Bitcoin’s two-week relative strength index is approaching oversold territory, which has historically been followed by a strong price rebound. As a result, investors could consider seizing this opportunity to purchase digital coins at a discount and potentially profit in the long run, following in the footsteps of institutional investors who are devoting significant resources to this space.
Gold and the US Dollar
Gold prices remained unchanged yesterday as the strength of the US dollar was offset by a drop in treasury yields. The rise in the US dollar is because of a sooner than anticipated hike in interest rates as communicated by the Federal Reserve at its last FOMC meeting, while treasury yields have fallen as investors seek refuge from the bearish stock market.
A drop in yields lowers the opportunity cost of holding the non-interest bearing precious metal, whereas a rise in the value of the dollar usually results in a drop in gold prices. The two events helped to keep the price of gold stable at around $1,818. Traders should keep a close eye on the FOMC meeting next week to see if the hawks take control in the coming months.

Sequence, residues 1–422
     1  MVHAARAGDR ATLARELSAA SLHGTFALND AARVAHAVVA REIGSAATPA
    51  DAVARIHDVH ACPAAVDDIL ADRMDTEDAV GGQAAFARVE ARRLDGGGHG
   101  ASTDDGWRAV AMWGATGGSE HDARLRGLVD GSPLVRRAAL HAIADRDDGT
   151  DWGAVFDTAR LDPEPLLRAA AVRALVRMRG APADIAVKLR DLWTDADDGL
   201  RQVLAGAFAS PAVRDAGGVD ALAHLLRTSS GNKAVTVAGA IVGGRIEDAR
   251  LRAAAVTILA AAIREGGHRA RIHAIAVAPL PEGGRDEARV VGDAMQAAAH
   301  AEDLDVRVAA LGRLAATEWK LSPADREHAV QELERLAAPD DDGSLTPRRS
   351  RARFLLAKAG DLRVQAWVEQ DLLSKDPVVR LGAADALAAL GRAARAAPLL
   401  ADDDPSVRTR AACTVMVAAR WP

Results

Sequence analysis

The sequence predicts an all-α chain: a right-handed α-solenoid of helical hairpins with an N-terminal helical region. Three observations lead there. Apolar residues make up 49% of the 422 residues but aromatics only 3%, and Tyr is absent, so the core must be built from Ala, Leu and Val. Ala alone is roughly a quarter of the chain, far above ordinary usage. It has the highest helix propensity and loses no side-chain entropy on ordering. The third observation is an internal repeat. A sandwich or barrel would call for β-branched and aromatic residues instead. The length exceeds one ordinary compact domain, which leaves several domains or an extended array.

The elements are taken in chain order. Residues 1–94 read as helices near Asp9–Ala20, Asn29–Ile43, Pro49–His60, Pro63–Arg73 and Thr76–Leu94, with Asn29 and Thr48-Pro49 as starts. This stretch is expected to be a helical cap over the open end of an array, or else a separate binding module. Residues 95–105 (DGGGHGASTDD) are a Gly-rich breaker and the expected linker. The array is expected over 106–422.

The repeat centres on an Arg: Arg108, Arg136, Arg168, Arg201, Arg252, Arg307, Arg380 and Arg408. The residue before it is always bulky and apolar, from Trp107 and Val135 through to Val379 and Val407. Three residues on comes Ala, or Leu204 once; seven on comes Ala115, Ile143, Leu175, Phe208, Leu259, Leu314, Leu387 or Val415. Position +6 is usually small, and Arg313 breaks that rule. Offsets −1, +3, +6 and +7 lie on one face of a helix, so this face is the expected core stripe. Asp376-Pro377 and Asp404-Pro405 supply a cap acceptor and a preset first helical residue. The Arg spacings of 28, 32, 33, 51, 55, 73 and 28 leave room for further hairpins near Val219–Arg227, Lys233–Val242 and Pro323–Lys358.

On Tuesday, oil prices were somewhat stabilised following the retracement seen on Monday, when prices fell by nearly 7%. The selloff was triggered by an increase in Covid cases caused by the Delta variant, which is currently the most common strain in the majority of countries. Oil prices have fallen due to uncertainty about the future outlook of demand for oil, as investors fear the resumption of lockdowns and a boost in supply subsequent to the OPEC+ agreement.